As explained in the Methods section, a cost function is commonly used to evaluate the differences of the reference (fixed) image and the image that is to be registered. This function indicates how well the registration algorithm performs. Figure 4 presents how the cost function changes with the number of iterations during optimizing the transformation parameters. Ideally, the value of the cost function should decrease with the increase of iterations and eventually reach a plateau, from where further increase of iteration would not benefit more the optimization. Figure 4A demonstrates how the cost function varies with the number of iterations for the affine transformation when the optimization was performed on 4 different resolution levels (R3-R0). The cost function decreases relatively fast on the low resolution level (R3), and reaches a plateau at about 100 iterations which would deliver similar performance to that of higher resolution levels (R0-R2). This means the optimal affine registration parameters can be obtained on the low resolution level images. Figure 4B demonstrates how the cost function changes for the B-spline transformation at different resolution levels (R3-R0). The cost decreases relative slowly, but still most significantly in the low resolution level (R3) images. However, unlike in the affine transformation, the value of the cost function is kept on decreasing at higher resolution level images (R1 and R2). That indicates the local movements are progressively aligned by the B-spline registration during the process. The parameter space for affine transformation is much smaller than the B-spline transformation, thus the cost function curves in Figure 4A converges for fewer iterations and on lower resolution level images than in Figure 4B. The appearance of cost function provides ground for selecting the number of iterations and the levels of down sampling during optimization. If the cost functions are converged on the lowest resolution level and keep same at higher levels (like Figure 4A), then the motion of images are not severe. The users can set less iterations and down sampling levels so that the optimization can speed up. Otherwise users can keep the default settings for better registration.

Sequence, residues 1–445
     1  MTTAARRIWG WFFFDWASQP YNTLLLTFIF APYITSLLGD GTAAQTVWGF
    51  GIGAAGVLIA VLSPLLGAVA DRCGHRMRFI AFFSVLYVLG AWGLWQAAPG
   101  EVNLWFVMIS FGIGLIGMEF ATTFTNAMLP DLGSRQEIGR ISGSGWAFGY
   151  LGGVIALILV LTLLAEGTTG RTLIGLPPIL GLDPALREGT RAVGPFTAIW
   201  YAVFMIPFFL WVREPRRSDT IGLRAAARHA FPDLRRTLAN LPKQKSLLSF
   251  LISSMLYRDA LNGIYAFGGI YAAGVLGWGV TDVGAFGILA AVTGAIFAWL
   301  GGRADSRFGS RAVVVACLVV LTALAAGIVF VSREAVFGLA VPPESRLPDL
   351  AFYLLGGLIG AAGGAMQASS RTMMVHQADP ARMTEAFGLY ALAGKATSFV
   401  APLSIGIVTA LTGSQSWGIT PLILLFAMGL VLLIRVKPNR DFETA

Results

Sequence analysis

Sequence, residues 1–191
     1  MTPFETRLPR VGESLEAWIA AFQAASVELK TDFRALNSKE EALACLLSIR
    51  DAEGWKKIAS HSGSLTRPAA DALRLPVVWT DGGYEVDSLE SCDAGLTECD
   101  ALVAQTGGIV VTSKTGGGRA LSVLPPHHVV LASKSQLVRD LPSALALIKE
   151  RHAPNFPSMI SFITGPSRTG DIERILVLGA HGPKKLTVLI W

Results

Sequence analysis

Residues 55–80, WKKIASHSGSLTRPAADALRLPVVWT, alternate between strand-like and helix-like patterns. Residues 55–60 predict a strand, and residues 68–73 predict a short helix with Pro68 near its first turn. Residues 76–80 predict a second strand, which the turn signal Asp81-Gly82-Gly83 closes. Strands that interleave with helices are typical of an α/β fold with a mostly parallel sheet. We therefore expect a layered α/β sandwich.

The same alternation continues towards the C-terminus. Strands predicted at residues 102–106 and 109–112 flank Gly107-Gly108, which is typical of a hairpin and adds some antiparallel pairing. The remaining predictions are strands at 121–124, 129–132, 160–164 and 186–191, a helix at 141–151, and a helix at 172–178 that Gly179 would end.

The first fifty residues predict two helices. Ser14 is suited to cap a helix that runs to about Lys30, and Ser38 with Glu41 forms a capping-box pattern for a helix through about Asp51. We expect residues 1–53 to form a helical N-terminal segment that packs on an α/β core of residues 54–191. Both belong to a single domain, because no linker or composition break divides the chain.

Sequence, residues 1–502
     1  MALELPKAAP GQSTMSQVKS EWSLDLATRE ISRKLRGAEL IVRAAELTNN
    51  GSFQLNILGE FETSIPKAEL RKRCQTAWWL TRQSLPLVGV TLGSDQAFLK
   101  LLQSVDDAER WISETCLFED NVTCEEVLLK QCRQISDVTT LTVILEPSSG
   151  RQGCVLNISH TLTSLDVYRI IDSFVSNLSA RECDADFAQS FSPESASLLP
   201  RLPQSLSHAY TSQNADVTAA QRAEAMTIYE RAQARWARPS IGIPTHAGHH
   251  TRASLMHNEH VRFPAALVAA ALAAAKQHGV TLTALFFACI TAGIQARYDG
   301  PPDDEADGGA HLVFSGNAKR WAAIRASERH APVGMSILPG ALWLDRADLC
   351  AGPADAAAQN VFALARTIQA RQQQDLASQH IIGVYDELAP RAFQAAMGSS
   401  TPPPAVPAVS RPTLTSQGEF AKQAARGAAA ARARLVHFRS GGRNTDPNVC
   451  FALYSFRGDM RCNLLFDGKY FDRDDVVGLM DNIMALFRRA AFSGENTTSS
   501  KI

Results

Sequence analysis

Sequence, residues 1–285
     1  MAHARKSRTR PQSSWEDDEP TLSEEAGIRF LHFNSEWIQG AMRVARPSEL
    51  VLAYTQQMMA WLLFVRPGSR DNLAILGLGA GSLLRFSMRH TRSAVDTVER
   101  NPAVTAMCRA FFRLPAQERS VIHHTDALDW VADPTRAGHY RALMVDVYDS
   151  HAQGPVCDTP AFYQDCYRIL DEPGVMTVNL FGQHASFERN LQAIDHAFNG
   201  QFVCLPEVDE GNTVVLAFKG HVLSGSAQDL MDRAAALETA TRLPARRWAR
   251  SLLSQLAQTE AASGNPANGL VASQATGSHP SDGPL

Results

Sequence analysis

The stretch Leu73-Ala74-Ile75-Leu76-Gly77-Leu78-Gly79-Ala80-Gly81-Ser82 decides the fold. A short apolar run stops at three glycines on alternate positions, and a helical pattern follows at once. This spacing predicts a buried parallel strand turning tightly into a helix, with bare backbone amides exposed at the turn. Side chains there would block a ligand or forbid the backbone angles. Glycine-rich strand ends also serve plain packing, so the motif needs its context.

Figure 4 The evolution of the cost function in registration with the increase of iterations during optimization: (A) affine and (B) B-spline transformation matrix. The curve with label R0 represents the cost function that used at original resolution during optimization; and labels R1, R2, and R3 represent the cost functions that were using 2×, 4× and 8× down-sampled images, respectively. The differences between images were calculated by mutual information.

The averaged images suggest its effectiveness for noise reduction and contrast enhancement. Figure 5 shows an example of single (Figure 5A,C) and averaged (Figure 5B,D) OCT (Figure 5A,B) and OCTA (Figure 5C,D) B-scans. These B-scans were taken from 6×6 mm volumes centered at the fovea. Yellow dash lines indicate zoomed-in regions for detailed comparison before and after using the proposed algorithm. Visually, the common appearance of speckle patterns in the single images has been significantly reduced in the averaged images.